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Thyroid UK
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Query symptomatic thyroid issue

Hi guys,

Thyroid issues were picked up by my GP following me going to them with some symptoms and a blood test being taken.

My blood results apparently did show abnormalities but my GP said it wasn't at treatment level and bloods will be taken again in a year.

The symptoms I presented with at my GP remain, but I feel unable to challenge this incase it really isn't to do with my thyroid levels.

Does anyone have any idea in regards to what thyroid levels have to hit to be symptomatic?


Serum TSH Level 5.3 mu/L.

Serum free T4 Level 13.3 pmol/L.

Thyroid Peroxidase ABS 19.

Thanks in advance!

13 Replies


Have you got the reference ranfes for those results please.

I expect your TSH is over range but most doctors wait until lit reaches 10 before diagnosing and prescribing Levo. Very cruel to make symptomatic patients wait as it could take years. In other countries diagnosis is made when TSH reaches 3.


Hi SeasideSusie,

I'll just copy and paste the test result now as I can't work out how to add a screenshot/photo.


Thyroid function test

Serum free T4 level 13.3 pmol/L [12.0 - 22.0]

Suggests borderline hypothyroidism repeat in 12 months and measure TPO antibodies unless already

done so. If patient on T4, results suggest slight

under replacement or poor patient compliance with


Serum TSH level 5.3 mu/L [0.3 - 4.2]

Above high reference limit




So what you're looking at here is classed as Subclinical Hypothyroidism. See


....... snipped to show relevant parts but useful to read the whole articles

Blood tests for thyroid stimulating hormone (TSH) and free thyroxine (FT4):


◾Suspect subclinical hypothyroidism (SCH) if TSH is above the reference range and FT4 is within the reference range. In non-pregnant people repeat TSH and T4 (ideally at the same time of day) 3–6 months after the initial result to exclude transient causes of a raised TSH (such as intercurrent illness) and to confirm the diagnosis of SCH.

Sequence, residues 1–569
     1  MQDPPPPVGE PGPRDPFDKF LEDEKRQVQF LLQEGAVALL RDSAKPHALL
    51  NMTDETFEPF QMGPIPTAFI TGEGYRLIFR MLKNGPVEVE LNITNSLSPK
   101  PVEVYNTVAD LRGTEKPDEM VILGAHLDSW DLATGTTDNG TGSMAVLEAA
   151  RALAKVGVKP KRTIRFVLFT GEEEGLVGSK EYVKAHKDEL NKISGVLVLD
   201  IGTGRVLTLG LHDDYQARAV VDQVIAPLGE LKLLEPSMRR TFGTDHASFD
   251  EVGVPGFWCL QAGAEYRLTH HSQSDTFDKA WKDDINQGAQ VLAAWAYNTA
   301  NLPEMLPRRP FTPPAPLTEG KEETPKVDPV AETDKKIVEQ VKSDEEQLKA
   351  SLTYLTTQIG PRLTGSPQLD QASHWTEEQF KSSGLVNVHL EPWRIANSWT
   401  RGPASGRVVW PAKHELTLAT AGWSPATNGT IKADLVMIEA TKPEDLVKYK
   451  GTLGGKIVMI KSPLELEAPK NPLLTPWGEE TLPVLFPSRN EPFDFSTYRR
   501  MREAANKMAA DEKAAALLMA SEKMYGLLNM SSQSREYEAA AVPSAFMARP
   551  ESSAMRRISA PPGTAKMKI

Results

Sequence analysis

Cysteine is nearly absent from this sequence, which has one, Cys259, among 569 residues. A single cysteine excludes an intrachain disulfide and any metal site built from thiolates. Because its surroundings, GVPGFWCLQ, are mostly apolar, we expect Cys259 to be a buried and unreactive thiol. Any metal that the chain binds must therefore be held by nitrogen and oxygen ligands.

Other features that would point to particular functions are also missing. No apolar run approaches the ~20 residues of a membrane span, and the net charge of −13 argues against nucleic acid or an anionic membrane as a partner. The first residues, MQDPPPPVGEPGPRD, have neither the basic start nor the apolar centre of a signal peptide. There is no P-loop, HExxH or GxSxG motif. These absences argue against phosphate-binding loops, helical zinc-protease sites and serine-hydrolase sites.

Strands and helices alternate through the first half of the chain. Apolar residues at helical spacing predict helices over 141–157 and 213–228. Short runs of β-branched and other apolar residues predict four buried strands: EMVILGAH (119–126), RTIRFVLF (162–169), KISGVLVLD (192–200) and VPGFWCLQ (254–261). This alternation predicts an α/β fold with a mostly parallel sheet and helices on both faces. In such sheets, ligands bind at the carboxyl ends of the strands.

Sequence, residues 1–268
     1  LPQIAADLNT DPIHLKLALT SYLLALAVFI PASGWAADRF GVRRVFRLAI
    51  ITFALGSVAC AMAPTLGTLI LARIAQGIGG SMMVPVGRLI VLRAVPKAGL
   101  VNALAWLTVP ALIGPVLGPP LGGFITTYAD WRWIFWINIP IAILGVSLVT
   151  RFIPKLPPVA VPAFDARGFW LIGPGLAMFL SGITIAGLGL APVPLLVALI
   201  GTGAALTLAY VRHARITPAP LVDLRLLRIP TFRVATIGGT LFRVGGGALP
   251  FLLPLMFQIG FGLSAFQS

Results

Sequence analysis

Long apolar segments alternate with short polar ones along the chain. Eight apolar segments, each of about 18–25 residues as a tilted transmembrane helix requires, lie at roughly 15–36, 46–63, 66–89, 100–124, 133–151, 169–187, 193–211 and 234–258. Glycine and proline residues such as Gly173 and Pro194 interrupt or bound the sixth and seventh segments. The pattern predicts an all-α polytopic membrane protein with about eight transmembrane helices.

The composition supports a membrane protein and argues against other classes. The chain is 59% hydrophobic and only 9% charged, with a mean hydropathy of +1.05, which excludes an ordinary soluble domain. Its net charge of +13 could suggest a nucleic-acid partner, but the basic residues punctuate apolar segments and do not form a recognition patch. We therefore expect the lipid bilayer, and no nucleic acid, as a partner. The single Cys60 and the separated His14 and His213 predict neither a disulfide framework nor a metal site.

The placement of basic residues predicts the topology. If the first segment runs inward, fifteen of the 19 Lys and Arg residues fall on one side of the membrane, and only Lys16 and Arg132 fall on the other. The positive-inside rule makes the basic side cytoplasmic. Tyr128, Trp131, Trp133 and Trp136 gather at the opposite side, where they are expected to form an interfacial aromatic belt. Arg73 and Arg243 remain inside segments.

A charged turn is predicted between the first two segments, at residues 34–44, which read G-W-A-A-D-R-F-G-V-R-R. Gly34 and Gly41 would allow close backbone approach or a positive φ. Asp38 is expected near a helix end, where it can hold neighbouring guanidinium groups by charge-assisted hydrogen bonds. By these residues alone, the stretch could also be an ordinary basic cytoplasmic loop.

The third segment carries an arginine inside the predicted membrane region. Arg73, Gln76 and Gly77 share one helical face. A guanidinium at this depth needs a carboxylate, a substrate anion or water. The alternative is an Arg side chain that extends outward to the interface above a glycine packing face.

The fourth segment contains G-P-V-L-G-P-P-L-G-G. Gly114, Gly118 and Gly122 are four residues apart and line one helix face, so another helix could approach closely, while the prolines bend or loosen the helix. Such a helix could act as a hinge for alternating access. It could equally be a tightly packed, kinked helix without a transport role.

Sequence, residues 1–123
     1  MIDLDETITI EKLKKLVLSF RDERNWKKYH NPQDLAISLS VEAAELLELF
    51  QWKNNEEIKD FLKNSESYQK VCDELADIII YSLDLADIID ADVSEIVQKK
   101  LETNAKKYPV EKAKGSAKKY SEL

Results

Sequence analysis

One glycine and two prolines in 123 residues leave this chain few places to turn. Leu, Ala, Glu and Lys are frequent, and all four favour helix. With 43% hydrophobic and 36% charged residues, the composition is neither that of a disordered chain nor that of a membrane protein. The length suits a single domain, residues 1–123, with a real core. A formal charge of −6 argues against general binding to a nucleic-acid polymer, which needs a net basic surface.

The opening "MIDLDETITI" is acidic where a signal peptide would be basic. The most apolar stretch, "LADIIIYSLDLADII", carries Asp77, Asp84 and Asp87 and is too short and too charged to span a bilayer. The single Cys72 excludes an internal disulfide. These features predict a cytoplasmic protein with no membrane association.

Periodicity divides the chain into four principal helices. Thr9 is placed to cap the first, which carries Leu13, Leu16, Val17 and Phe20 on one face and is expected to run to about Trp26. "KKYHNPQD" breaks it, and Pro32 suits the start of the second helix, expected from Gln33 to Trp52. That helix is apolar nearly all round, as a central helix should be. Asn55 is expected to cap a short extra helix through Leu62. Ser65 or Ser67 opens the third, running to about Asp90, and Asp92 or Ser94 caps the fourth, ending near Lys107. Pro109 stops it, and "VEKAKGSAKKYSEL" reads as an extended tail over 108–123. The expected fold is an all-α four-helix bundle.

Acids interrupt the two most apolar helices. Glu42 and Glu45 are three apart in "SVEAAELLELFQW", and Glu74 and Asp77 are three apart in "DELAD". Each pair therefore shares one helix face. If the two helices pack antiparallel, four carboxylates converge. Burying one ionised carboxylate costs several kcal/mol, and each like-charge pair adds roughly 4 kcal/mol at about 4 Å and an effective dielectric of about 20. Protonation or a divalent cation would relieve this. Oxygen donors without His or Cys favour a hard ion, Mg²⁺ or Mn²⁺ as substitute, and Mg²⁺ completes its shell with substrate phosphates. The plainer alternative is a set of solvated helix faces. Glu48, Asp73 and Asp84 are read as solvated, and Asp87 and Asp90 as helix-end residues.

BUT also see



If TSH is between 4 and 10 mU/L and FT4 is within the normal range

◾In people aged less than 65 years with symptoms suggestive of hypothyroidism, consider a trial of LT4 and assess response to treatment 3–4 months after TSH stabilises within the reference range — see the section on Prescribing information for further information on initiation and titration of LT4. If there is no improvement in symptoms, stop LT4.


I would be selective in the information you choose to discuss with your GP from those articles, maybe use the information quoted above from the second link.

You could say that you have taken advice from NHS Choices recommended source of information about thyroid disorders (which is the charity ThyroidUK, don't mention internet or forums, that definitely don't like that). Point out that you are symptomatic - print off this list from ThyroidUK and tick whichever applies thyroiduk.org/tuk/about_the...

and say that the NICE Clinical Knowledge Summary suggests that a trial of Levo can be given when TSH is over range but below 10 where symptoms are present.

I would also suggest that as Thyroid Peroxidase antibodies have come back negative, can Thyroglobulin antibodies be tested to rule out autoimmune thyroid disease.

1 like

Thank you, Susie, for the information you have shared with me. It is really appreciated.

I have booked a GP appointment at my surgery for Friday, it's with a locum so hopefully a fresh face will also help.

I feel so much better going armed with some knowledge.



Serum thyroid peroxidase antibody concentration 19 ku/L [0.0 - 34.0]

In subclinical hypothyroidism, if TPO is positive

suggest monitor TFT annually. If TPO is negative

then suggest monitor TFT every three years.

TPO does not usually require repeat measurement.

[UK Guidelines for the use of thyroid function